Breneman ends PSU football career

(Allentown) Morning Call (TNS)

Penn State football players have a long tradition of trading jerseys at their final practice of the season.

On New Year's Eve, quarterback Christian Hackenberg and tight end Adam Breneman, the cornerstones of Penn State's 2013 recruiting class, wore each other's jersey.

Now, both are gone.

Breneman, from nearby Mechanicsburg, announced Thursday that he has ended his football career because of a chronic knee injury that affected his past two seasons. He leaves the program with a degree in business management, which he completed in three years, and an eye toward a career in politics.

The Cedar Cliff High School graduate joined Hackenberg, who declared himself eligible for the NFL draft, in leaving the program early, though for different reasons. Breneman departs with two years of eligibility, the product of a redshirt season in 2014 because of a knee injury that proved difficult to overcome.

"I want to thank Coach (Bill) O'Brien, Coach (James) Franklin, my teammates and the Penn State fans for the great memories over the last three years," Breneman said in a statement. "I have truly treasured my time as a Nittany Lion and I am confident that the Penn State experience has prepared me for the next phase of my life."

Breneman's father, Brian, graduated from Spring Grove High School in 1982.

Heralded recruit: Breneman and Hackenberg were two of the highest-ranked players of Penn State's 2013 class, with Breneman being considered among the nation's top tight ends. He was offered a scholarship by Joe Paterno, committed to Bill O'Brien and played for James Franklin.

As a freshman in 2013, Breneman blossomed late in the season and made one of its biggest plays. In the season-finale against Wisconsin, Breneman caught a 68-yard touchdown pass on Penn State's first possession, kickstarting the team's 31-24 upset victory. It remains the longest touchdown catch by a tight end in Penn State history.

But knee injuries were a constant through Breneman's last four years. He missed his senior season at Cedar Cliff, and his sophomore season at Penn State, because of injuries.

Breneman had knee surgery in 2014 and, last summer, said he felt better than he had in years. Dwight Galt, Penn State's director of performance enhancement, said Breneman ran the 40-yard dash in 4.63 seconds.

"He's back," Galt said then. The tight ended added at the time that, "for the first time in a while, I feel like I'm good at football again."

But the knee issues continued, and Breneman played in just two games this season: against Ohio State and Michigan State.

"I know that it was a difficult for Adam to step away from the game, but he felt it was the right time," Franklin said in a statement. "We are so proud of his work in the classroom, having earned his degree in three years. Adam is a special young man that has left his imprint on not only the Penn State football program, but the Penn State community at large. He has been a difference-maker at a very young age and has a bright future ahead of him."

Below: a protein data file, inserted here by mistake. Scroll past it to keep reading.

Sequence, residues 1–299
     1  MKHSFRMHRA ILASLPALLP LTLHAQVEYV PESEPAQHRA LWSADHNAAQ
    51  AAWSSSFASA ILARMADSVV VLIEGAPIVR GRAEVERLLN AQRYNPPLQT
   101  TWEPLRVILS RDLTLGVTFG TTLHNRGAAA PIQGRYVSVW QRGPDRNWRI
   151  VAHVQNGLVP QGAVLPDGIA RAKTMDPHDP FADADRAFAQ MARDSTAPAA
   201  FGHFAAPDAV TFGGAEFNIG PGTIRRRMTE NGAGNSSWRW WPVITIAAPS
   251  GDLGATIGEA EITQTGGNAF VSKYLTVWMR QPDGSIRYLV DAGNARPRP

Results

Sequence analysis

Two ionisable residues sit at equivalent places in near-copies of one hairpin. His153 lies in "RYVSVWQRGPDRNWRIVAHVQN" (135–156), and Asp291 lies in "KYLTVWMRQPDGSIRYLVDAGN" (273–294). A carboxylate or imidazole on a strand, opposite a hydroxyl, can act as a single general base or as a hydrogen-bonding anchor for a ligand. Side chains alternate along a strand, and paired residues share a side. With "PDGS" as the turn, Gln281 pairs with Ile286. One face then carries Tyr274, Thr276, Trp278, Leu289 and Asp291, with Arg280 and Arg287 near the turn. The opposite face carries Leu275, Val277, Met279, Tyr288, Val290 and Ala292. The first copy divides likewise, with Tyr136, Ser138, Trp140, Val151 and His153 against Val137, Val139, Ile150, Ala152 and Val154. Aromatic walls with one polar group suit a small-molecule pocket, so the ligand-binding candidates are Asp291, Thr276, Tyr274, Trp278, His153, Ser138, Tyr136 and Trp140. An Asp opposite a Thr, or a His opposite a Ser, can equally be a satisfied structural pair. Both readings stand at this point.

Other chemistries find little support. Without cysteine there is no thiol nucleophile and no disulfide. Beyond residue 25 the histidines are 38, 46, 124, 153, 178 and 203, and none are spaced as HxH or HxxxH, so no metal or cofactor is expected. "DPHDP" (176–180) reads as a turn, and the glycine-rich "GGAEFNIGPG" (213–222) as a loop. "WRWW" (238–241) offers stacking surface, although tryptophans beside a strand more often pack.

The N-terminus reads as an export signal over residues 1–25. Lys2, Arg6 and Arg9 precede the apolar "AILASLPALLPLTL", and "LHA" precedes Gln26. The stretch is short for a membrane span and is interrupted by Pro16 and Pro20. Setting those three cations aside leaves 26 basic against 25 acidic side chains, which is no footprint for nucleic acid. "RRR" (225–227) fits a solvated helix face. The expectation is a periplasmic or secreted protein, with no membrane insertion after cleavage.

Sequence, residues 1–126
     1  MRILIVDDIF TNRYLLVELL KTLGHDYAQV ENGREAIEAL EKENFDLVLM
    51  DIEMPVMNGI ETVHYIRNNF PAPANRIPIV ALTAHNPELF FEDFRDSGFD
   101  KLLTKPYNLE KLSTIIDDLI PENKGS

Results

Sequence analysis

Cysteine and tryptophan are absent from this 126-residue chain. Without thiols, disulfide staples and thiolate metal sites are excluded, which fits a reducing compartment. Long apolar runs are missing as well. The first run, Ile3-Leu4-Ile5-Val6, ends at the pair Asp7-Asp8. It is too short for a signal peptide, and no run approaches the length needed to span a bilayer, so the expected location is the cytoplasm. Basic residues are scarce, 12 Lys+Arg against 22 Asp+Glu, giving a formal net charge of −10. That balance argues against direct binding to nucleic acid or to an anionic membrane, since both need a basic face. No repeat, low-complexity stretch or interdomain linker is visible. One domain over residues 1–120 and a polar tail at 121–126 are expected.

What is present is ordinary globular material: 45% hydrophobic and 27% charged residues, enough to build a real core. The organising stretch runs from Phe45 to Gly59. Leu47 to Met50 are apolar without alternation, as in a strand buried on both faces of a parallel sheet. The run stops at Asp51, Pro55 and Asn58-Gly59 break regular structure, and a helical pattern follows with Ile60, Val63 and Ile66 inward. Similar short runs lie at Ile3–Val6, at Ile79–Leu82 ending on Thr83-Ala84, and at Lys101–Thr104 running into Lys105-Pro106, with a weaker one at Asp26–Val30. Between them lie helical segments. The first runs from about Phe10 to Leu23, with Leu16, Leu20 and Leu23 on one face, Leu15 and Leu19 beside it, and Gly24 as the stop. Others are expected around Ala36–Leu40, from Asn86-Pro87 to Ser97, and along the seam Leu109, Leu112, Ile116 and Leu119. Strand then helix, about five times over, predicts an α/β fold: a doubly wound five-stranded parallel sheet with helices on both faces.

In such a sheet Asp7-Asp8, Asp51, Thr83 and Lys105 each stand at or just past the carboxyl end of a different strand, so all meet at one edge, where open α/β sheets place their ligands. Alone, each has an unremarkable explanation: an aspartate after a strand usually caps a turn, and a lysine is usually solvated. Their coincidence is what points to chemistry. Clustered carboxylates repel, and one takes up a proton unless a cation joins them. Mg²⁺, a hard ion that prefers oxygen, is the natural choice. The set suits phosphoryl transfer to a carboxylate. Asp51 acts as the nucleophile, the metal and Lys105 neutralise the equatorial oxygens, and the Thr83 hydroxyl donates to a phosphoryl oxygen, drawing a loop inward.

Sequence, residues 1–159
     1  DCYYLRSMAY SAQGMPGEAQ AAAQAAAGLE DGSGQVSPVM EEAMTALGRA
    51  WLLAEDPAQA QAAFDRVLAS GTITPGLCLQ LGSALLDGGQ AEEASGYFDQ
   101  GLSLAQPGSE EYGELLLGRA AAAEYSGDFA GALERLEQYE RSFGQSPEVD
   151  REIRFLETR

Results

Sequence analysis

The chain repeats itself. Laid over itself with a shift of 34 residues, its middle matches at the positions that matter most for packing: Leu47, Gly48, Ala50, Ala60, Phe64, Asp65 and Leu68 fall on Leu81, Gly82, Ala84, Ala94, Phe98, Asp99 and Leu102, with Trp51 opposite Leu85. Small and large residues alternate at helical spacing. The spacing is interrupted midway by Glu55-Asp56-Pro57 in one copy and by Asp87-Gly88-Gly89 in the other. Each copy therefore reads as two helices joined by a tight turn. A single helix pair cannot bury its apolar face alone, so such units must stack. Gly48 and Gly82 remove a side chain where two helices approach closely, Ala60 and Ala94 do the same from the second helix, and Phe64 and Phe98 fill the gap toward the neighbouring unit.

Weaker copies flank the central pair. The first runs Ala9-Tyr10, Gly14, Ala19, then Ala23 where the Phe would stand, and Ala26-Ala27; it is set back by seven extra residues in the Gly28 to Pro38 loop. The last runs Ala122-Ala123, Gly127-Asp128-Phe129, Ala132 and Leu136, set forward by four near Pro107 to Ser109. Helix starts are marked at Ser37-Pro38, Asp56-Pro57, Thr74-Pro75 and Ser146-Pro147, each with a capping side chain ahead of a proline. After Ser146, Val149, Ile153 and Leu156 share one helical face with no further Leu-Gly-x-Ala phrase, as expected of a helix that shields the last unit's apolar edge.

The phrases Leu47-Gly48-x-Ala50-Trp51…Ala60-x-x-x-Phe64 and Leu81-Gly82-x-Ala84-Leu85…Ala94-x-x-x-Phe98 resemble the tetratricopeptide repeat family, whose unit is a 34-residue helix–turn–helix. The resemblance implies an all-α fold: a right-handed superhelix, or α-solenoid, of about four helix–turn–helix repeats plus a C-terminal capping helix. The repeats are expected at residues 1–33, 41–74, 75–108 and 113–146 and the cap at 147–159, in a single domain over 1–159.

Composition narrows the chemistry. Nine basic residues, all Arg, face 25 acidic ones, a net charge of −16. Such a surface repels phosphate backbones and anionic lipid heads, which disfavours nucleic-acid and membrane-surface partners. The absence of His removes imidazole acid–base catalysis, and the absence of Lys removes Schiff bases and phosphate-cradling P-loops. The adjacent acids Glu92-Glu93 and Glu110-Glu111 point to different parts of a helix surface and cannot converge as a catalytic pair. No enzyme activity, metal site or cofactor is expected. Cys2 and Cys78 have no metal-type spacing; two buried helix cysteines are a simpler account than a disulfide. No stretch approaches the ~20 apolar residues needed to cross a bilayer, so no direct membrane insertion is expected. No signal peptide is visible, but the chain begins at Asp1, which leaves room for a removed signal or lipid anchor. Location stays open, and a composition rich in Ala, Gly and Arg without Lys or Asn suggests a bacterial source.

Active in community: Off the field, Breneman served as vice president for Penn State's chapter of Uplifting Athletes and was named by athletic director Sandy Barbour to join Penn State's Athletic Director Leadership Institute.

In high school, Breneman started an initiative called "Catch the Cure for ALS," which benefitted family friend, and former Lafayette quarterback, Tom Kirchhoff.

Breneman's campaign raised more than $200,000 for Project ALS. In 2013, Breneman received the Prudential Community Spirit Award.

On Thursday, Breneman published an open letter for, in which he thanked Penn State's coaches, medical staff and fans. He also said that, though his playing career was cut short, he "truly lived a dream at Penn State."

"Of course, I wish I could have contributed more on the field to this great school and to my teammates," Breneman wrote. "I want nothing more than to make my teammates, my coaches, my family, and the amazing Penn State fans proud. I am not sure what the next chapter of my life will entail, but I promise no matter where I am or what I am doing, I will never ever stop fighting for Penn State."

Johnson invited to Senior Bowl: Penn State defensive tackle Austin Johnson accepted his invitation to play in the 67th Reese’s Senior Bowl.

He joins teammates Jordan Lucas and All-American Carl Nassib as participants in the game. The trio will participate in the nation’s premier all-star contest on Saturday, Jan. 30. Kickoff is at 2:30 p.m. at Ladd-Peebles Stadium in Mobile, Ala. The NFL Network will televise the contest.

Johnson recently declared for the 2016 NFL Draft after earning All-Big Ten second team honors from the media and third team honors from the coaches this season. He also collected All-Big Ten first team accolades from and

Johnson finished with 78 tackles, which was third on the team. He also has 6.5 sacks and 15.0 tackles for loss this season. His 78 stops are third among defensive tackles in the Football Bowl Subdivision and the most by a Nittany Lion defensive lineman since Jimmy Kennedy had 87 stops in 2002.